click here to the sevillanas maths table (only for the initiated!)

The feria is always enjoyable for its variety of movement, costume and noise... Somehow I was left disappointed with my experience this year (2002) in Jerez. I missed the good old days when casetas employed groups to sing and dance sevillanas for the entertainment of the clientele. Now we only hear a competition of noisy disco sevillanas and rumba CDs between casetas and very few people actually dancing sevillanass properly if at all. Perhaps the bar owners were more worried about covering the enormous cost of constructing a caseta just for the week after which it is pulled down. They have to take enough money to make it worthwhile. To give you an idea one owner admitted it was tough - his family spent half a million pesetas (about 3000 Euros) on building the caseta, for a return of some 1.5 million pesetas (about 9000 Euros) excluding paying the waiters and other expenses. So this gives you an idea. No wonder he refused to have any live sevillanas group this year.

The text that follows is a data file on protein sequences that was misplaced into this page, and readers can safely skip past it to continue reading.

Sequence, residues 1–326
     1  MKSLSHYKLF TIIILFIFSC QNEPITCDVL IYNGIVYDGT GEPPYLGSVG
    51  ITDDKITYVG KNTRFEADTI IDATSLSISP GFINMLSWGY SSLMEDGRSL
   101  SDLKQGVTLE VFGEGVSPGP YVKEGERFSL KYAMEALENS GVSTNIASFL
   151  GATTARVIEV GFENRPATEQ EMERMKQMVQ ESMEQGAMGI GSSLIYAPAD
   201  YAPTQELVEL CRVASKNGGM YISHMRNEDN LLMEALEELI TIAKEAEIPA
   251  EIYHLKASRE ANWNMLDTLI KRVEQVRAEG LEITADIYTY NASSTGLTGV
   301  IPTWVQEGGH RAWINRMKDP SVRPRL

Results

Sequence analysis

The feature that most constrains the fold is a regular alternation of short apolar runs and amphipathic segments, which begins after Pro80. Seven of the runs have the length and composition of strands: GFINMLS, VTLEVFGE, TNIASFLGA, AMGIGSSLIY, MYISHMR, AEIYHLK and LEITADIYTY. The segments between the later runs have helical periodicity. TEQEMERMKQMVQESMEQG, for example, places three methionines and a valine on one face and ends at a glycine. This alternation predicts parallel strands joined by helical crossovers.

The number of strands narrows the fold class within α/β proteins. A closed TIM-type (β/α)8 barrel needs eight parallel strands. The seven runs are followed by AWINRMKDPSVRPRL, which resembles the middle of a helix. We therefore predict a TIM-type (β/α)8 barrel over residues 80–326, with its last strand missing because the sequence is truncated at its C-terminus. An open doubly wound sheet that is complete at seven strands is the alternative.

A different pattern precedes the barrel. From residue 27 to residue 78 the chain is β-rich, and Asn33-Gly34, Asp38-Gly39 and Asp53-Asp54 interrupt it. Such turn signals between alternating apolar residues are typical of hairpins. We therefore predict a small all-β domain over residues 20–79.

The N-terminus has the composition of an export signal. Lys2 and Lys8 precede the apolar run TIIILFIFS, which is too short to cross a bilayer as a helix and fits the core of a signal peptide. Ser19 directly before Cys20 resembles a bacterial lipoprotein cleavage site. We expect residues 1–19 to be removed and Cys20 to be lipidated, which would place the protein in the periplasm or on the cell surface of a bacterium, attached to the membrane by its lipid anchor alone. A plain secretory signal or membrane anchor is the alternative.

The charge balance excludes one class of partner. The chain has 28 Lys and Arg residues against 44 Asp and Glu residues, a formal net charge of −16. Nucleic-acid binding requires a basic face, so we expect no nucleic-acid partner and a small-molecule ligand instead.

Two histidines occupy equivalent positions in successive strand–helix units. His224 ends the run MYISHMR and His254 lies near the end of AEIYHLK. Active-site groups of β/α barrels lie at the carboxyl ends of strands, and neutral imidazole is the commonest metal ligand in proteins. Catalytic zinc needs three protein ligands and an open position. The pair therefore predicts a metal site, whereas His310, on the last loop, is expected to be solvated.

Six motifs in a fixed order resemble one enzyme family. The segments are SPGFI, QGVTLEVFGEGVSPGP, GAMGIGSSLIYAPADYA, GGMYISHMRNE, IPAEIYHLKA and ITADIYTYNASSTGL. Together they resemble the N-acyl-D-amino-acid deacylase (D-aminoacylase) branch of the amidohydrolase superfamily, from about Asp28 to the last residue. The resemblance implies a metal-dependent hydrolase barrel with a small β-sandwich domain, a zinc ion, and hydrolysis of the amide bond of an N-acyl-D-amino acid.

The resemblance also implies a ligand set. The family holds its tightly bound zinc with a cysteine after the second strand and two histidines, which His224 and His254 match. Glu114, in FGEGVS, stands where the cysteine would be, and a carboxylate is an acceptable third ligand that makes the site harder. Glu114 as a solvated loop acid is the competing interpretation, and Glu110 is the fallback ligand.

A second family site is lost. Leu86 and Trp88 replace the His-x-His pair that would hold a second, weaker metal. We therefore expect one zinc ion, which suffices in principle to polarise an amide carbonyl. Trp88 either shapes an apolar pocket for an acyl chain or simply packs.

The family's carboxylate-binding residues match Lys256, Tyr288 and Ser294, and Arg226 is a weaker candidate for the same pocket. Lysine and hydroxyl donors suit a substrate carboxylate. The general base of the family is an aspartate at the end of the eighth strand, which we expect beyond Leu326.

crowded casetas at the feria dressed up sevillanas style

It also seemed that more were concerned with how they looked (especially the rich on horseback) and where they were seen. Meanwhile the younger generation went clubbing around their own pop music casetas.

To be correct the mayor of Jerez, Pedro Pacheco, did require all casetas to open their doors to the public, but old-fashioned elitism has crept back! It is still important to know the right people (nothing wrong with that) but when the fun is limited to social etiquette, then essence is lost!

It is also noticeable that so few men know how to dance sevillanass. Even the Jerezana women are sloppy about their steps (I am sorry to say.) It is as though Jerez is only interested in "its" Bulerias de Jerez, but not the folklore of sevillanas. This lazy approach to dancing sevillanass has actually spawned an inbetween layer of teaching known as sevillanass para la feria. I know of at least one teacher in Jerez who gives such classes in the run up to the feria. It is a watered down version of the sevillanas, made simple, so that at the right time the man can posture like a torero while the lady twirls around him. But you still have to know the rhythm!